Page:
On the misery of losing self-employment

On the misery of losing self-employment Using German panel data, this study compares responses of self-employed workers’ well-being and paid employees’ well-being to the loss of work. The empirical analyses show that life satisfaction decreases substantially more in the probability of losing work when self-employed than when paid-employed. It also turns out that becoming unemployed yields a much stronger decline in self-employed workers’ life satisfaction than in paid employees’ life satisfaction. Although these results do not necessarily represent causal effects, they indicate that losing self-employment is an even more harmful life event than losing dependent employment. Further analyses substantiate this conclusion. It is also shown that non-monetary reasons may explain much more than monetary reasons why the self-employed seem to suffer in particular from unemployment. In addition, the difference in the responses of well-being to unemployment between self-employed workers and paid-employed workers originates from varying levels of life satisfaction after terminating work, but not from divergent levels of life satisfaction before terminating work. One implication of these findings is that the potential psychological cost of unemployment might constitute a risk that prevents workers from going into business by themselves. http://www.deepdyve.com/assets/images/DeepDyve-Logo-lg.png Small Business Economics Springer Journals

On the misery of losing self-employment

Loading next page...
 
/lp/springer_journal/on-the-misery-of-losing-self-employment-S4DuYkKm04
Publisher
Springer US
Copyright
Copyright © 2016 by Springer Science+Business Media New York
Subject
Business and Management; Management; Microeconomics; Entrepreneurship; Industrial Organization
ISSN
0921-898X
eISSN
1573-0913
D.O.I.
10.1007/s11187-016-9730-0
Publisher site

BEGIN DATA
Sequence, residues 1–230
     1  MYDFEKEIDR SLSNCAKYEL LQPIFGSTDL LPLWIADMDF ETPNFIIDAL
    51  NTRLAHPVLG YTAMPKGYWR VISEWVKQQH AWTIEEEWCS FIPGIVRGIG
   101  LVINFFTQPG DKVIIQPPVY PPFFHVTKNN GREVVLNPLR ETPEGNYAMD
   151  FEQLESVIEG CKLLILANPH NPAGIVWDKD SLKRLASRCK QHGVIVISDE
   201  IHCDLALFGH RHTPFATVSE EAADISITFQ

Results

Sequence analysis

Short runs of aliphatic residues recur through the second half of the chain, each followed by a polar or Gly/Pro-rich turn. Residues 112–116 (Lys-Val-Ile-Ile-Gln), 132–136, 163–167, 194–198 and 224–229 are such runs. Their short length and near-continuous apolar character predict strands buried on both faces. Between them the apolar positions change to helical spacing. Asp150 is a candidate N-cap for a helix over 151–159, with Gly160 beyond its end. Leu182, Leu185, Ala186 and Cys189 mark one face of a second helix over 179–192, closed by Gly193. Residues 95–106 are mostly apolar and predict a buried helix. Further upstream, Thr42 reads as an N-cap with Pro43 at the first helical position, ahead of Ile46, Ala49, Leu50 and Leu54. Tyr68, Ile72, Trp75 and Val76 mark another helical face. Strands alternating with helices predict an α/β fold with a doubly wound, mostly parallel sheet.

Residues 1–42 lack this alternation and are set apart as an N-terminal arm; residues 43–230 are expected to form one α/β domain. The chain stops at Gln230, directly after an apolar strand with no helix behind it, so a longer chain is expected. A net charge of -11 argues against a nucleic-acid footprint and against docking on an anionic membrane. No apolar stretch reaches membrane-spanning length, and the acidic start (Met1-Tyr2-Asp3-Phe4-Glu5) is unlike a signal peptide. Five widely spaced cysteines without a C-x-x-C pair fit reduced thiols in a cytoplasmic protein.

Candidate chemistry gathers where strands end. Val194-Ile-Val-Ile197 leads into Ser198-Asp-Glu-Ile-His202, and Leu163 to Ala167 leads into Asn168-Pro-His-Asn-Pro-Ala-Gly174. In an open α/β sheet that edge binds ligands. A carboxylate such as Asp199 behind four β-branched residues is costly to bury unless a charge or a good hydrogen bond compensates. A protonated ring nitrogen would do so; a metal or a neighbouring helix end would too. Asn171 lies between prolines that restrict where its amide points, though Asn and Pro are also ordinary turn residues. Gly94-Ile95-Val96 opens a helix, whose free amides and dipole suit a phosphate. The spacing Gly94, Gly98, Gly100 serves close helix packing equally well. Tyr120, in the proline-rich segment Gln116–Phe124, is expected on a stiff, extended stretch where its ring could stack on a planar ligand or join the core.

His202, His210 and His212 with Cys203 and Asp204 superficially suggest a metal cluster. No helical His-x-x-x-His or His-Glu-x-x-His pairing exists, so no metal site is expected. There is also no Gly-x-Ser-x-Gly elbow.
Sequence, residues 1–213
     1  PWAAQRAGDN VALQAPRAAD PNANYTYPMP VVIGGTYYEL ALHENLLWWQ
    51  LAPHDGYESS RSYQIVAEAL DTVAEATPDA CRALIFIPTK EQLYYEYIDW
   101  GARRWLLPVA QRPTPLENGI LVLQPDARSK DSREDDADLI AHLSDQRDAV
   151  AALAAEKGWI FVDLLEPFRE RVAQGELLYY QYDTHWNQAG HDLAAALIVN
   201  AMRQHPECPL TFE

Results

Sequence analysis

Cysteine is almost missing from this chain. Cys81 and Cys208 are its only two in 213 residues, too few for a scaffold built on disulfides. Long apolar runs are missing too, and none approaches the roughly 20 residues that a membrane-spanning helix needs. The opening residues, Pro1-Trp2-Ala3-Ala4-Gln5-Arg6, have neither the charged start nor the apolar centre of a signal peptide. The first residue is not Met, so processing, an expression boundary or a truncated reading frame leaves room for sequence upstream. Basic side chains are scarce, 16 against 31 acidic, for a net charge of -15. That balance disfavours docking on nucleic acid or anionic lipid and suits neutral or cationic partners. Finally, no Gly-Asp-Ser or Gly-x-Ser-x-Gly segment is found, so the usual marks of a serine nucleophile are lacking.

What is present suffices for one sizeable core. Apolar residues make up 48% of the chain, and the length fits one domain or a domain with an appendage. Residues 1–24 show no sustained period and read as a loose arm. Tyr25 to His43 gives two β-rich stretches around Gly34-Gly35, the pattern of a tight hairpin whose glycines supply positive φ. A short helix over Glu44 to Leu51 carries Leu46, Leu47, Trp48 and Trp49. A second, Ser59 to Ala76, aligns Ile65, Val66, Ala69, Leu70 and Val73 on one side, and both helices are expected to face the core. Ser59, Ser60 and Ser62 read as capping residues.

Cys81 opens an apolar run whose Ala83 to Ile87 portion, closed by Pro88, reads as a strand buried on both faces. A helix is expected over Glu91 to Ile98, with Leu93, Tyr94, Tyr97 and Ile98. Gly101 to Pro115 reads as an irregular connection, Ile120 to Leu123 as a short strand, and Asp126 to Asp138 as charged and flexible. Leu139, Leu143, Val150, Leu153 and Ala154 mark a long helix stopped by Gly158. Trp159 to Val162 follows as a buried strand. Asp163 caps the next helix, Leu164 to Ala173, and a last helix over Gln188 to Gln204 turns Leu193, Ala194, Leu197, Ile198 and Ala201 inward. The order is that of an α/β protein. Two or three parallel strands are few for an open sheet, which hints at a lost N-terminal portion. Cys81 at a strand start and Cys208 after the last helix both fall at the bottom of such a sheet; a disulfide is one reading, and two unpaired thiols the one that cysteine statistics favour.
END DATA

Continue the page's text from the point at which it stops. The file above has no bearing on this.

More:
See Article on Publisher Site

Abstract

Using German panel data, this study compares responses of self-employed workers’ well-being and paid employees’ well-being to the loss of work. The empirical analyses show that life satisfaction decreases substantially more in the probability of losing work when self-employed than when paid-employed. It also turns out that becoming unemployed yields a much stronger decline in self-employed workers’ life satisfaction than in paid employees’ life satisfaction. Although these results do not necessarily represent causal effects, they indicate that losing self-employment is an even more harmful life event than losing dependent employment. Further analyses substantiate this conclusion. It is also shown that non-monetary reasons may explain much more than monetary reasons why the self-employed seem to suffer in particular from unemployment. In addition, the difference in the responses of well-being to unemployment between self-employed workers and paid-employed workers originates from varying levels of life satisfaction after terminating work, but not from divergent levels of life satisfaction before terminating work. One implication of these findings is that the potential psychological cost of unemployment might constitute a risk that prevents workers from going into business by themselves.

Journal

Small Business EconomicsSpringer Journals

Published: Apr 21, 2016

References

You’re reading a free preview. Subscribe to read the entire article.


DeepDyve is your
personal research library

It’s your single place to instantly
discover and read the research
that matters to you.

Enjoy affordable access to
over 12 million articles from more than
10,000 peer-reviewed journals.

All for just $49/month

Explore the DeepDyve Library

Unlimited reading

Read as many articles as you need. Full articles with original layout, charts and figures. Read online, from anywhere.

Stay up to date

Keep up with your field with Personalized Recommendations and Follow Journals to get automatic updates.

Organize your research

It’s easy to organize your research with our built-in tools.

Your journals are on DeepDyve

Read from thousands of the leading scholarly journals from SpringerNature, Elsevier, Wiley-Blackwell, Oxford University Press and more.

All the latest content is available, no embargo periods.

See the journals in your area

DeepDyve Freelancer

DeepDyve Pro

Price
FREE
$49/month

$360/year
Save searches from
Google Scholar,
PubMed
Create lists to
organize your research
Export lists, citations
Read DeepDyve articles
Abstract access only
Unlimited access to over
18 million full-text articles
Print
20 pages/month
PDF Discount
20% off